Any firm should have its brand identity in mind when crafting a long-term strategy. At certain times, as when launching a new website or implementing a major marketing campaign, a careful survey of a firm’s brand identity is mandatory.
A firm’s “brand identity” refers to the collective total of a company’s marketing efforts. For your marketing efforts, your future customers form connections with and an image of your brand. Your brand shapes how customers see your company.
Whether you’re in field of B2B or B2C selling, survey of your brand identity requires a lot of information at various steps. Here are some essential steps as part of your firm’s brand identity checklist.
A Firm’s First Steps
For the most successful companies, a brand also refers to a story that enthusiastic customers associate with the firm. A traditional story involves a narrative arc that concludes with triumph—what is the story that customers will associate with your firm? What are the aspects of your business that set you apart from your competitors? What do customers see as your firm’s values?
Market research should answer questions about how customers and prospective customers see your brand.
Speaking of customers, if a firm is about to undertake a redesign or rebranding effort, customers should not be caught off guard. Know what your customers value about your brand, build on that, and also lay the groundwork for the future unveiling.
Getting The Details Right
At this point, you know what customers think about your brand, you know what needs it fulfills, and you should have a good idea of what obstacles are in the way of expanding.
—Who is your audience, and what story do you want your brand to tell the public? Today, brand storytelling is the cornerstone of a content marketing strategy, and your story will shape your brand identity. Your story should be straightforward, memorable, and have a note of emotional impact.
—What is your visual aesthetic? Do you need to overhaul or streamline your look? Your firm should have a unified design concept, which is simple, striking, and attractive. The most highly regarded brands have iconic logos and visual designs—think of the minimalism of Apple or Google. A unified design concept means paying attention to small details, like having the same typeface on both your website landing page and your business cards. These details go a long way to cementing you in the customer’s mind as a firm with a coherent and complete identity.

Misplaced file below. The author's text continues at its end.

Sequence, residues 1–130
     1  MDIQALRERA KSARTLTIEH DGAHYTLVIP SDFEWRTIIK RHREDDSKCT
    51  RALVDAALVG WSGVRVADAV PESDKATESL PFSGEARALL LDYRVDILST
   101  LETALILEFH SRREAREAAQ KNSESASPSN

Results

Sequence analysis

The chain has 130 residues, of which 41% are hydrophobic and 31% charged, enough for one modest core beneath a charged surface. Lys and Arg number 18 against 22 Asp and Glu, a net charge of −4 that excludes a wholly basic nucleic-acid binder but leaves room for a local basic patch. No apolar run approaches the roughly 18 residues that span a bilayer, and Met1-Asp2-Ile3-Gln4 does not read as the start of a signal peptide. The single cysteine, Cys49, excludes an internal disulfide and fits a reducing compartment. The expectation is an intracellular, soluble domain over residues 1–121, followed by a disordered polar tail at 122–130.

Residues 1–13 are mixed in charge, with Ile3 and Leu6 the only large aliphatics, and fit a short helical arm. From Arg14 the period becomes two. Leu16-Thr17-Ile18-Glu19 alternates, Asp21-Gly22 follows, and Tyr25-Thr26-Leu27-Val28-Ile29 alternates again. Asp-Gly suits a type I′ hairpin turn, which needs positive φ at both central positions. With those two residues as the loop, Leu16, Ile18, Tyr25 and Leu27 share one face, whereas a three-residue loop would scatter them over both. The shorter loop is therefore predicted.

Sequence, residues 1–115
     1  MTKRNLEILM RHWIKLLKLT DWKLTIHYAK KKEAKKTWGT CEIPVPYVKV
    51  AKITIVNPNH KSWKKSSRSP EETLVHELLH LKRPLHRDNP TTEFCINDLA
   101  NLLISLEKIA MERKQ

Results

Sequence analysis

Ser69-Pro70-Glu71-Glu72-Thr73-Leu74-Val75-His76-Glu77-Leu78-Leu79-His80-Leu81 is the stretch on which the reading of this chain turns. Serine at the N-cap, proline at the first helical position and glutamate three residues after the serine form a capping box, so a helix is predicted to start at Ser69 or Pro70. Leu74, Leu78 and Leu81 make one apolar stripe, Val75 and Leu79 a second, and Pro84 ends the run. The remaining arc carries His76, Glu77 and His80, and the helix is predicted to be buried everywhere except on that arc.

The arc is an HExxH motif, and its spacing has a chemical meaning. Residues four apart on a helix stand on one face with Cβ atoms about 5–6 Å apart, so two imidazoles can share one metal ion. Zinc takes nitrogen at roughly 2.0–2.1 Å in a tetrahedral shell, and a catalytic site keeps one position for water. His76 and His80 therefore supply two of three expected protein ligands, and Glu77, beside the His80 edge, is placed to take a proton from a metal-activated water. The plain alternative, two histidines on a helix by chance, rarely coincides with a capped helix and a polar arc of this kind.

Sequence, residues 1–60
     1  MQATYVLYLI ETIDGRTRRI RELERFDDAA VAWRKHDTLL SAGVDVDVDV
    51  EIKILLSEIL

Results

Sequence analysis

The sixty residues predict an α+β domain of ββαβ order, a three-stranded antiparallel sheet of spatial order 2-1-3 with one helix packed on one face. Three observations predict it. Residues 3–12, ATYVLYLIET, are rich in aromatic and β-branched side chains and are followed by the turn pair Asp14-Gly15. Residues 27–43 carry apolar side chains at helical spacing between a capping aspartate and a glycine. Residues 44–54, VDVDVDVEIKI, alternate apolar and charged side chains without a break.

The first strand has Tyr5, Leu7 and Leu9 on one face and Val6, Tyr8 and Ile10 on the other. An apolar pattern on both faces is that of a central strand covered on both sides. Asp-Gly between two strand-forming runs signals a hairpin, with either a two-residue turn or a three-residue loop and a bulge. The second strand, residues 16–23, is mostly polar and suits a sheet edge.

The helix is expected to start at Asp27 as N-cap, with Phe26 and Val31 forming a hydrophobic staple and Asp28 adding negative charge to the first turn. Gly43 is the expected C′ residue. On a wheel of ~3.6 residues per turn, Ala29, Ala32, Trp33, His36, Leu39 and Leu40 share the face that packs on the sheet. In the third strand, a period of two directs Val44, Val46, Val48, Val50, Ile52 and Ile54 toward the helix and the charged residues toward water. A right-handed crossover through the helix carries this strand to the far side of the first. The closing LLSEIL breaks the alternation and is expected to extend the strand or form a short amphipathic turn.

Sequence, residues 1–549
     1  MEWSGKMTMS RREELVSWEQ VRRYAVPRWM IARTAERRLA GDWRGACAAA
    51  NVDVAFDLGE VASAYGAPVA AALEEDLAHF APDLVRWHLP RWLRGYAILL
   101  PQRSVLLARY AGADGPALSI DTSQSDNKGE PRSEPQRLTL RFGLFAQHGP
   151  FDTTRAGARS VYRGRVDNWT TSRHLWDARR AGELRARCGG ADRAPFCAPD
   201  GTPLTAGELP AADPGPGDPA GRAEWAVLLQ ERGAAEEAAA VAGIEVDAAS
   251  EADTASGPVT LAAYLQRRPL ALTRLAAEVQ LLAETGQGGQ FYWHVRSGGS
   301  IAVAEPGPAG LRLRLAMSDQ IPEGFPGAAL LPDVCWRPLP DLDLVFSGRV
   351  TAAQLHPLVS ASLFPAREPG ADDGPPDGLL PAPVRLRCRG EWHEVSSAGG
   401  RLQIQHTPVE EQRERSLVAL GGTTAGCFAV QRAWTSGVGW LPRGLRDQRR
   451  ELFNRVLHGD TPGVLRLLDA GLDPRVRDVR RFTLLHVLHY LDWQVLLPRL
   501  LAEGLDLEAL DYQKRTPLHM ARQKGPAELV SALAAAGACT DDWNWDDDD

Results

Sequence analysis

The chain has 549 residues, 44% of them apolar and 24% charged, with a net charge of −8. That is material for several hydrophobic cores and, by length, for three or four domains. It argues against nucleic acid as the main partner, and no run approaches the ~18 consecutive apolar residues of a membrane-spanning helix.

—Does your brand have a ‘voice’? This might be one of the trickiest aspects. Your firm should obviously have a blog and social media presence in order to disseminate your message to customers. However, a “voice” refers to the literary equivalent of a unified design concept: it means that your messages have a reliable tone and draw from your brand identity.
As far as maintaining your brand identity, who is in charge of that specific task? Any firm should have some sort of brain trust whose remit is managing the firm’s brand identity. This person or group will have both the firm’s current status in mind, as well as devising a long-term strategic vision. A brand identity must be carefully cultivated, and someone will fill that role.
When you’ve gotten major details right, you’ll have to make sure that everything is right behind the scenes.
—Are all the links working and are all your new web pages connected and functioning as intended?
—Are your SEO terms, keywords, and metadata updated? These are granular details that will have a tremendous impact on your web presence, and we’ve heard of firms that sink a major redesign by neglecting their metadata and then plummeting down search result pages.
—Is your visual aesthetic implemented uniformly?
Once you’ve got the strategic vision implemented and all the details worked out, you should be almost ready to declare victory.
The Finishing Touches
Are your employees clear about the nature of your firm’s brand identity? Communication lines should be open so that expectations and goals are understood clearly. Clarity on your firm’s brand identity is crucial since your employees will be the ones who are communicating that identity primarily to customers and prospective customers.
In a post on conducting successful integrated marketing campaigns, we explained the four key elements of creating integrated marketing campaigns. They were: coherence, consistency, continuity, and complementary. Keep your brand identity first-and-foremost in mind as you implement subsequent marketing campaigns.
Has your firm implemented a major rebranding effort recently? What were major points of your brand identity checklist, and what do you wish you had known?